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Today, Parliament is debating the Snoopers Charter, a wide-ranging mass-scale domestic surveillance law that allows government agencies to peer into the most intimate details of your life, conscripting internet and technology companies as participants in surveillance, with only the thinnest veneer of checks and balances and accountability for the inevitable abuse. Read the rest

Defense lawyers: the FBI made us use a copy-shop that made secret copies for the government

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Attorneys for Dr Salo Schapiro, on trial in Miami for Medicare fraud, says that the FBI and the US Attorney have engaged in a decade-long conspiracy to improperly gain access to confidential defense documents, in a scheme that used a crooked Ft Lauderdale copy shop that slipped CDs containing scanned confidential defense documents that had been entrusted to it to the FBI and the DA. Read the rest

Elon Musk Says Humans Will Go To Mars by 2024

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In my weekly segment on KCRW's “Press Play” news program with host Madeleine Brand, we listen to Elon Musk wax poetic about artificial intelligence and whether life might be a dream--and his plans to send humans to Mars by 2025.

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No warrant is needed to get your phone's location data, U.S. appeals court rules

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In a major blow to security and privacy advocates, a U.S. appeals court on Tuesday ruled that police don't have to have a warrant to obtain your cellphone location data. The ruling means that in America, you have zero expectation of privacy over the historical location data generated by your cell phone.

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EFF: FBI & NIST's tattoo recognition program exploited prisoners, profiled based on religion, gave sensitive info to private contractors

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Dave Maass from EFF says, "Right now, NIST researchers are working with the FBI to develop tattoo recognition technology that police can use to learn as much as possible about people through their tattoos. But an EFF investigation has found that these experiments exploit inmates, with little regard for the research's implications for privacy, free expression, religious freedom, and the right to associate. And so far, researchers have avoided ethical oversight while doing it." Read the rest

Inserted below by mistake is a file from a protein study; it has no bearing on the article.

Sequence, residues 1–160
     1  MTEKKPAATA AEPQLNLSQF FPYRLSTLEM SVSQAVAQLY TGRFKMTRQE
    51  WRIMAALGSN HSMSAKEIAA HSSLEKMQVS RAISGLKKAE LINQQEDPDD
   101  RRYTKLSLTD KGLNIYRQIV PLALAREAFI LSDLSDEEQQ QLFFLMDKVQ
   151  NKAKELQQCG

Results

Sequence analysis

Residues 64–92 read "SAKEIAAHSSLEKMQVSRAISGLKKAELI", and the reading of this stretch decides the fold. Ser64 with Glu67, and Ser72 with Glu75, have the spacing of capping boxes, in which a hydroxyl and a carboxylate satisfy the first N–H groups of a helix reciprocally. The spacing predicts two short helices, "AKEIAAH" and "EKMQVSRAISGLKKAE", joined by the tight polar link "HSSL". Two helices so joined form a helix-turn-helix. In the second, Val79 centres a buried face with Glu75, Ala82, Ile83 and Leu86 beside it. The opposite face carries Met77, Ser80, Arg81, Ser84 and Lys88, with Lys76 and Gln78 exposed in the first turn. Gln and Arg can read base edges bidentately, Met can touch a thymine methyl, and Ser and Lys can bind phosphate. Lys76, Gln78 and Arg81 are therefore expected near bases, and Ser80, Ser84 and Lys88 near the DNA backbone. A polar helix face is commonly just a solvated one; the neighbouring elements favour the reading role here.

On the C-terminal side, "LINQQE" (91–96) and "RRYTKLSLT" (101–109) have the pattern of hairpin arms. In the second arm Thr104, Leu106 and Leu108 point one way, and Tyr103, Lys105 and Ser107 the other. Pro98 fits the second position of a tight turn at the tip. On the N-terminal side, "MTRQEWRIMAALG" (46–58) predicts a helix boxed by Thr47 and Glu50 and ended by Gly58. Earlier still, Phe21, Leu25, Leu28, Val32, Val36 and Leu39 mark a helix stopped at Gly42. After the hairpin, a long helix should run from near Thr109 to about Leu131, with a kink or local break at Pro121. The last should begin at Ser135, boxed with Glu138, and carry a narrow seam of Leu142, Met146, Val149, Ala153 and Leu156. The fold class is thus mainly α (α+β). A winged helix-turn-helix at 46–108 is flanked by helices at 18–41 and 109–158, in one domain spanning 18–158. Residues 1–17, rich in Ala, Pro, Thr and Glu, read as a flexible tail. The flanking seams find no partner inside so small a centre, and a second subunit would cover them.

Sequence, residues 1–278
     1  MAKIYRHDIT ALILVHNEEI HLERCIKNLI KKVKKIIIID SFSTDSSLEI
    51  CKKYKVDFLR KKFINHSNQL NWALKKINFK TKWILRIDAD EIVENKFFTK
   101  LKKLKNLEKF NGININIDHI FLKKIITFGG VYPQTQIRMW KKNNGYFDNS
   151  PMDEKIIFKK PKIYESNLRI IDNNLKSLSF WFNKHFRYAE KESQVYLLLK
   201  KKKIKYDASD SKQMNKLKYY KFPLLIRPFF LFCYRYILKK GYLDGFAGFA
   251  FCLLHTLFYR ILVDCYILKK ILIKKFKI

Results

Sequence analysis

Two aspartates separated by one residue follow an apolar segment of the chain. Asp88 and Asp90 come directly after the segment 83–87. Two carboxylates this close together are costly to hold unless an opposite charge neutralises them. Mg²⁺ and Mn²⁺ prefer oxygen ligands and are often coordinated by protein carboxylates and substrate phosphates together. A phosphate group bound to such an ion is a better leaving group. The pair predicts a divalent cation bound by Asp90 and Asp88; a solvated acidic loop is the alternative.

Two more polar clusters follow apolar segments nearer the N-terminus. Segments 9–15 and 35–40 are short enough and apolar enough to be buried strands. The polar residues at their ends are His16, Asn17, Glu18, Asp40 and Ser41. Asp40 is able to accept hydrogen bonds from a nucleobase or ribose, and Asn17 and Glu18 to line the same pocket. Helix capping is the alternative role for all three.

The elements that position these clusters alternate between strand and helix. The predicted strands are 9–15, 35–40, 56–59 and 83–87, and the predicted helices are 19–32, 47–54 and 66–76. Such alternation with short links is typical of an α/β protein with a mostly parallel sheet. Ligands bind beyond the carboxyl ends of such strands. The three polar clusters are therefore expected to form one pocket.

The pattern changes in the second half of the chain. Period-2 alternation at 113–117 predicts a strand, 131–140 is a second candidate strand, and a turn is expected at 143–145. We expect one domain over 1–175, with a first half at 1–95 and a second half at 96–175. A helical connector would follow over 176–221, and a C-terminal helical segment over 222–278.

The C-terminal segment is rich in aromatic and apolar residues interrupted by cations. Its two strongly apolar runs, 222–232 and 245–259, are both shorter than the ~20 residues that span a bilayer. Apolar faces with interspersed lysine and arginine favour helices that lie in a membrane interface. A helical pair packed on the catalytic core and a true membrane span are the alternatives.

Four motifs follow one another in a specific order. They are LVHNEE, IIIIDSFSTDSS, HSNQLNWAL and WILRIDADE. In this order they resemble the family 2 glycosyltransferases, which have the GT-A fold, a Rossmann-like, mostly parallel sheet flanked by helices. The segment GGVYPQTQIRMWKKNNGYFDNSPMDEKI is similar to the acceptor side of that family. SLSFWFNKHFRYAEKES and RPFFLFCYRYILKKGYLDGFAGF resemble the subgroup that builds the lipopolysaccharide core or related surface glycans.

Someone just snuck warrantless email access into the Senate's secret intelligence bill

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Every year, the Senate passes a secret bill (that is, a bill whose text is a secret during its debate) that re-authorizes intelligence agencies' surveillance powers; this year, someone (possibly chairman Richard Burr, R-NC and/or Tom Cotton, R-AR) has snuck in an amendment that would give the FBI the power to demand warrantless access to Americans' email and browsing history, using National Security Letters, a controversial, widely used secret police order. Read the rest

Study shows detailed, compromising inferences can be readily made with metadata

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In Evaluating the privacy properties of telephone metadata, a paper by researchers from Stanford's departments of Law and Computer Science published in Proceedings of the National Academy of Sciences, the authors analyzed metadata from six months' worth of volunteers' phone logs to see what kind of compromising information they could extract from them. Read the rest

Tor Project is working on a web-wide random number generator

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Random number generators are the foundation of cryptography -- that's why the NSA secretly sabotaged the RNG standard that the National Institute for Standards and Technology developed. Read the rest

30 students debate mass surveillance on Capitol Hill

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Last week, 30 students used a House Judiciary Committee hearing room to hold a debate on mass surveillance in America.